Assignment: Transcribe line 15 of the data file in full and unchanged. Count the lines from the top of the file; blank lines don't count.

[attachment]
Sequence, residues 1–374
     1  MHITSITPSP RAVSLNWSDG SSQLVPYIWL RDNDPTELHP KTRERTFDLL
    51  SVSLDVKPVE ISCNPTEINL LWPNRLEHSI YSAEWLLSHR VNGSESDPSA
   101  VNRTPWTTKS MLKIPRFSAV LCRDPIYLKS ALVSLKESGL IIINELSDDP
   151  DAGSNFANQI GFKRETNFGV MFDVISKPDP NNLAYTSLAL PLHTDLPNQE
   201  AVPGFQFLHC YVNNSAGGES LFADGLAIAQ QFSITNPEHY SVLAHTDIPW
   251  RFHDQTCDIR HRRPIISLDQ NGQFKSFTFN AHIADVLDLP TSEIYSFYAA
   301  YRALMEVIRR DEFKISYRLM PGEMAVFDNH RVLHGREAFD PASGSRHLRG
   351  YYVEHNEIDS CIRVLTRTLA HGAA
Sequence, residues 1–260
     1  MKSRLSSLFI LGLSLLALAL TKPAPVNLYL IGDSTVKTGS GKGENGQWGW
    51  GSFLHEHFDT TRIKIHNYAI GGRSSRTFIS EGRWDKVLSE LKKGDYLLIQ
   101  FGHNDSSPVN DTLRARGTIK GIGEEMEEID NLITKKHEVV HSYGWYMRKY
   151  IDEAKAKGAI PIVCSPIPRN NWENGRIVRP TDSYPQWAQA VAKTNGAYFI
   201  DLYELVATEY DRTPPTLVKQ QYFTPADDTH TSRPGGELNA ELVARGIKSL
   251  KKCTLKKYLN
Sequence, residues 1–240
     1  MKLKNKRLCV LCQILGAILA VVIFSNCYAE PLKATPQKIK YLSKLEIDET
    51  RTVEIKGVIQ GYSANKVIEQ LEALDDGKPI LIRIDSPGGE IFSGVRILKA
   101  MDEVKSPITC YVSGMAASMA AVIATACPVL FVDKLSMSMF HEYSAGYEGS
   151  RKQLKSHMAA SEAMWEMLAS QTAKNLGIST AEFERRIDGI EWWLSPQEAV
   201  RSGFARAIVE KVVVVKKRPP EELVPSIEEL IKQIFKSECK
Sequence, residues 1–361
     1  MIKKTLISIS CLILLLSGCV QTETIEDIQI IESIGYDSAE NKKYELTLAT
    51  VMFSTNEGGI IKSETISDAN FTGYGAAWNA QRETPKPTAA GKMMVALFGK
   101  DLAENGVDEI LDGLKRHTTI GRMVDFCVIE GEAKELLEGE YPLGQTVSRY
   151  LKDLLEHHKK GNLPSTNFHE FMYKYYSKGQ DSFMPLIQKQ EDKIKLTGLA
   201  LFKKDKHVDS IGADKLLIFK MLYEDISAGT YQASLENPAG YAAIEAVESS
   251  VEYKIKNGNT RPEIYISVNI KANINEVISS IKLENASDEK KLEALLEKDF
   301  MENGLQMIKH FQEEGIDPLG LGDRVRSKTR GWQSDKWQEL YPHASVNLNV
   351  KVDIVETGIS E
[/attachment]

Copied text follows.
   201  DLYELVATEY DRTPPTLVKQ QYFTPADDTH TSRPGGELNA ELVARGIKSL